increases the splay angle until a maximum splay angle is reached.
9. The system of claim 8, wherein the control circuit prioritizes decreasing the engine speed over one of increasing the slip and increasing the splay angle in response to repeated actuation of the joystick in the second direction.
10. A method for controlling a speed of a marine vessel having a first propulsion device that produces a first thrust to propel the marine vessel and a second propulsion device that produces a second thrust to propel the marine vessel, the method comprising:
receiving a trolling mode command from a first user input device with a control circuit; and
thereafter varying a trolling speed of the marine vessel with the control circuit by selecting between doing one or more of the following in response to an input from a second user input device:
varying a speed of a first engine of the first propulsion device and a second engine of the second propulsion device; and
varying one or more alternative operating conditions of the first and second propulsion devices;
wherein varying the one or more alternative operating conditions comprises one or more of the following:
varying a slip of first and second transmissions of the first and second propulsion devices, respectively; and
varying orientation of the first and second propulsion devices about first and second steering axes, respectively, so as to vary a splay angle between a direction of the first thrust and a direction of the second thrust.
11. The method of claim 10, wherein the first user input device is a throttle/shift lever, and further comprising receiving the trolling mode command in response to actuation of the throttle/shift lever into a forward gear deters position.
12. The method of claim 11, wherein the second user input device is a joystick, and further comprising varying the trolling speed of the marine vessel in response to actuation of the joystick in one of a first direction and a second, opposite direction while the throttle/shift lever is in the forward gear detent position.
13. The method of claim 12, further comprising one of increasing the trolling speed of the marine vessel in response to actuation of the joystick in the first direction while the throttle/shift lever is in the forward gear detent position, and decreasing the trolling speed of the marine vessel in response to actuation of the joystick in the second direction while the throttle/shift lever is in the forward gear detent position.
14. The method of claim 13, further comprising doing one or more of the following in response to repeated actuation of the joystick in the first direction:
decreasing the splay angle until a minimum splay angle is reached;
decreasing the slip of the first and second transmissions until a minimum slip is reached; and
increasing the speed of the first and second engines until a maximum engine speed is reached.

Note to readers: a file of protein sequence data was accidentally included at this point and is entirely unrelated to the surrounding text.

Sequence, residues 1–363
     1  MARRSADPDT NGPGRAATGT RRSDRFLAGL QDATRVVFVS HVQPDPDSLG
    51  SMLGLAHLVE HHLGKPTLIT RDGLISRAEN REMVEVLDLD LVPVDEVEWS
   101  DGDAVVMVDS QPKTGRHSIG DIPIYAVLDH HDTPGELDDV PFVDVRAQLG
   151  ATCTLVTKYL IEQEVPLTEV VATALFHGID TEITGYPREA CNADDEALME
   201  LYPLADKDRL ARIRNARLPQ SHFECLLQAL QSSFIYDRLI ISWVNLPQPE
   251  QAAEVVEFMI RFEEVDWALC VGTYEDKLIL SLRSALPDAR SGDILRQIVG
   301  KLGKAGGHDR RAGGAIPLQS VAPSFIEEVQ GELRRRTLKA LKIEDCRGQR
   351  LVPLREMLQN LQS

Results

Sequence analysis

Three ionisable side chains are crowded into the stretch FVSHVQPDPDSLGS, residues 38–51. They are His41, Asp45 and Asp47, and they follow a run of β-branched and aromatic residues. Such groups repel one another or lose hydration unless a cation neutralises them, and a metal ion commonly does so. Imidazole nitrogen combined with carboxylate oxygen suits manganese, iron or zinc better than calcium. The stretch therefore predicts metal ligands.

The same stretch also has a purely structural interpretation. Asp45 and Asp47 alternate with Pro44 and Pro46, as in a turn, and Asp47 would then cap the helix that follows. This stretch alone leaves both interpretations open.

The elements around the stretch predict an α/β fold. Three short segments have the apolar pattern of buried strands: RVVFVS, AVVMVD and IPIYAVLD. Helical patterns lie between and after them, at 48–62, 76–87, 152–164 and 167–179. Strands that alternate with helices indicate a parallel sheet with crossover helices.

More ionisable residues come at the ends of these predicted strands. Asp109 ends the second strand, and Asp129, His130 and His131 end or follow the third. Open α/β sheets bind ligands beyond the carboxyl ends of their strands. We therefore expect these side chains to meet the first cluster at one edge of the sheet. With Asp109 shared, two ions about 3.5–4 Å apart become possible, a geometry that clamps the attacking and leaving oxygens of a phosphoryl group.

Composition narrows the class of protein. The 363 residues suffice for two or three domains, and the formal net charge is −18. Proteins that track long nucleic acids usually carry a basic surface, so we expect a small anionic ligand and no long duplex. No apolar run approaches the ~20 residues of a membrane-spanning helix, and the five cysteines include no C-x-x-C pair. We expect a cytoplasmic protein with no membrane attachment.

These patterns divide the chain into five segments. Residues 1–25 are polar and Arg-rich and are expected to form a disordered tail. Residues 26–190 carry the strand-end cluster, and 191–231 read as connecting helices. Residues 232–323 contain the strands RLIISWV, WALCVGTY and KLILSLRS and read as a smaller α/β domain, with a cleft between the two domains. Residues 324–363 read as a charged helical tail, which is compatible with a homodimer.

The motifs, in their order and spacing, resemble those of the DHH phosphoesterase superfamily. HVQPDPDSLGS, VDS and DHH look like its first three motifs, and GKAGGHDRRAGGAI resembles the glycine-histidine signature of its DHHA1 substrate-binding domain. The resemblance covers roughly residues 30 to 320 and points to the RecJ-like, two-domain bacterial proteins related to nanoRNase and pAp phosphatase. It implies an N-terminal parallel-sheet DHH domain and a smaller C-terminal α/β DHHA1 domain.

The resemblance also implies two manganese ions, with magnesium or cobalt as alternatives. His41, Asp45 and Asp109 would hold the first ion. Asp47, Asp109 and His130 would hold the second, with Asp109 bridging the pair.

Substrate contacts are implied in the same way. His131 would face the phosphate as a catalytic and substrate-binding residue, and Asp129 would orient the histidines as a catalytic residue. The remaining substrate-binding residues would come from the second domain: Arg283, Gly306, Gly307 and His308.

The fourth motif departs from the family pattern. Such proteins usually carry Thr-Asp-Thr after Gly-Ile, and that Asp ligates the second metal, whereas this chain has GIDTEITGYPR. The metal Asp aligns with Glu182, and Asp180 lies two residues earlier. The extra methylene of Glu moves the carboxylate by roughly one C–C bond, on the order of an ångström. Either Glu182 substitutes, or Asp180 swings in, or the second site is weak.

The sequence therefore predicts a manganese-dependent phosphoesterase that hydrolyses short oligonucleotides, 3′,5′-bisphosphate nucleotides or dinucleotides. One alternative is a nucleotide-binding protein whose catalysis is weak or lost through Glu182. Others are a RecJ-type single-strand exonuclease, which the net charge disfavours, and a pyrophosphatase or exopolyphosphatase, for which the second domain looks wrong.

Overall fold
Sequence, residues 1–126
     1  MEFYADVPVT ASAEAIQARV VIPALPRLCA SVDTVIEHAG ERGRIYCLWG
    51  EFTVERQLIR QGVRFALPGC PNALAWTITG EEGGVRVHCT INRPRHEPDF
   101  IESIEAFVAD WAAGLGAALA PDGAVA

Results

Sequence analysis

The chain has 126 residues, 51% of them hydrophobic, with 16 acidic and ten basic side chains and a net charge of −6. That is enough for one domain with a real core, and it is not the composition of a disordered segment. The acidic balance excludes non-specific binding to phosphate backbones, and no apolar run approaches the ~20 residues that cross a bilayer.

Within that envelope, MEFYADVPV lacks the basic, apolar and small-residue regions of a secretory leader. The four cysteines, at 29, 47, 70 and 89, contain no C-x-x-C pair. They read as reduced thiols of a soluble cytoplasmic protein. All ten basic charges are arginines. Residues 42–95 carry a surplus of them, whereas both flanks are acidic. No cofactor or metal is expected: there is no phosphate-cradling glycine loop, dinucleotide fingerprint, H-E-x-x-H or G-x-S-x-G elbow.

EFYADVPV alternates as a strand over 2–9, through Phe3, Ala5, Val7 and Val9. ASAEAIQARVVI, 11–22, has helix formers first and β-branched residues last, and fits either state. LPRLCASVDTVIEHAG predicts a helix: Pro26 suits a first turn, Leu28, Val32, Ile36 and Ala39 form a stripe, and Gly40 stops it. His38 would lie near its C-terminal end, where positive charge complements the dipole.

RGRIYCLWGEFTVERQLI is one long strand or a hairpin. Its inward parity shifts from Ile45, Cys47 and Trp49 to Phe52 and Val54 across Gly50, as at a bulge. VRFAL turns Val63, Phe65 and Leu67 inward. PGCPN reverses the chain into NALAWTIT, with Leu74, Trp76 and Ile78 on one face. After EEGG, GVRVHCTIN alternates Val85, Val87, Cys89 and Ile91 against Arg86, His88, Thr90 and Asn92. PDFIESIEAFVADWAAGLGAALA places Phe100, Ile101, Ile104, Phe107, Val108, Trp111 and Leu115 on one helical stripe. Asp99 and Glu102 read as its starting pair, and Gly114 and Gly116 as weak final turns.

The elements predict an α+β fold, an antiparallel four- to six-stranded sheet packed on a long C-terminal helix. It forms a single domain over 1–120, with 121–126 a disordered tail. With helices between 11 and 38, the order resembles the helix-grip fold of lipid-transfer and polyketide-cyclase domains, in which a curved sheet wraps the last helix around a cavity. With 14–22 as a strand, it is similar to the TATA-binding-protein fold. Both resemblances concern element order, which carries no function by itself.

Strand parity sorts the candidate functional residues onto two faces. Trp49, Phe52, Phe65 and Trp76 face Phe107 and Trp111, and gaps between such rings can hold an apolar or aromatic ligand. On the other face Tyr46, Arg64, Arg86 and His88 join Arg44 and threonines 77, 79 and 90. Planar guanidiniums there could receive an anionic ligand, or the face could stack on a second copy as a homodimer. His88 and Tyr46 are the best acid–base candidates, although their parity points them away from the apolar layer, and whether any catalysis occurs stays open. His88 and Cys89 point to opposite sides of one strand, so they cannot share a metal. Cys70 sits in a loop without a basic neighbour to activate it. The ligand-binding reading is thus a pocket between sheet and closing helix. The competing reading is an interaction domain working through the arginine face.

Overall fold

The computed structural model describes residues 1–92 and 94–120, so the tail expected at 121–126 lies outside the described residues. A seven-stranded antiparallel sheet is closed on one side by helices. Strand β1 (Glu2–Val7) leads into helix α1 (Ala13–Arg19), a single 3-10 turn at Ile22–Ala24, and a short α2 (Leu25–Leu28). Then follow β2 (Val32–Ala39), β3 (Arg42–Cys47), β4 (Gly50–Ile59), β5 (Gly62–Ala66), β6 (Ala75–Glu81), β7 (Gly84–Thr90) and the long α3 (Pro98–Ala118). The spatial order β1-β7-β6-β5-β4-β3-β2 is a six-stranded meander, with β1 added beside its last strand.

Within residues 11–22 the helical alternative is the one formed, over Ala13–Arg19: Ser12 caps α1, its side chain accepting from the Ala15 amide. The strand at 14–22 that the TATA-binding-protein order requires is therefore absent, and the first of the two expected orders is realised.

15. The method of claim 14, wherein the control circuit prioritizes one of decreasing the splay angle and decreasing the slip over increasing the speed of the first and second engines in response to repeated actuation of the joystick in the first direction.
16. The method of claim 13, further comprising doing one or more of the following in response to repeated actuation of the joystick in the second direction:
decreasing the speed of the first and second engines until a minimum engine speed is reached;
increasing the slip of the first and second transmissions until a maximum slip is reached; and
increasing the splay angle until a maximum splay angle is reached.
17. The method of claim 16, wherein the control circuit prioritizes decreasing the speed of the first and second engines over one of increasing the slip and increasing the splay angle in response to repeated actuation of the joystick in the second direction.
18. A method for controlling a speed of a marine vessel having first and second propulsion devices with first and second engines operatively connected to first and second transmissions, the first and second propulsion devices controlled by a control circuit communicatively connected to a throttle/shift lever and a joystick, the method comprising:
determining if the throttle/shift lever has been placed in a forward detent position, and if so:
determining if the joystick has been actuated in a forward direction, and, if so doing one of the to following:
decreasing a splay angle between a direction of thrust of the first propulsion device and a direction of thrust of the second propulsion device;
decreasing a slip of the first and second transmissions; and
increasing a speed of the first and second engines; and
determining if the joystick has been actuated in a rearward direction, and, if so doing one of the following:
decreasing the speed of the first and second engines;
increasing the slip of the first and second transmissions; and
increasing the splay angle;
wherein the control circuit prioritizes one of decreasing the splay angle and decreasing the slip over increasing the speed of the first and second engines in response to repeated actuation of the joystick in the forward direction; and
wherein the control circuit prioritizes decreasing the speed of the first and second engines over one of increasing the slip and increasing the splay angle in response to repeated actuation of the joystick in the rearward direction.
19. The method of claim 18, wherein the speed of the first and second engines is a trolling speed, and a minimum speed of the first and second engines is about 600 RPM and a maximum speed of the first and second engines is about 1200 RPM.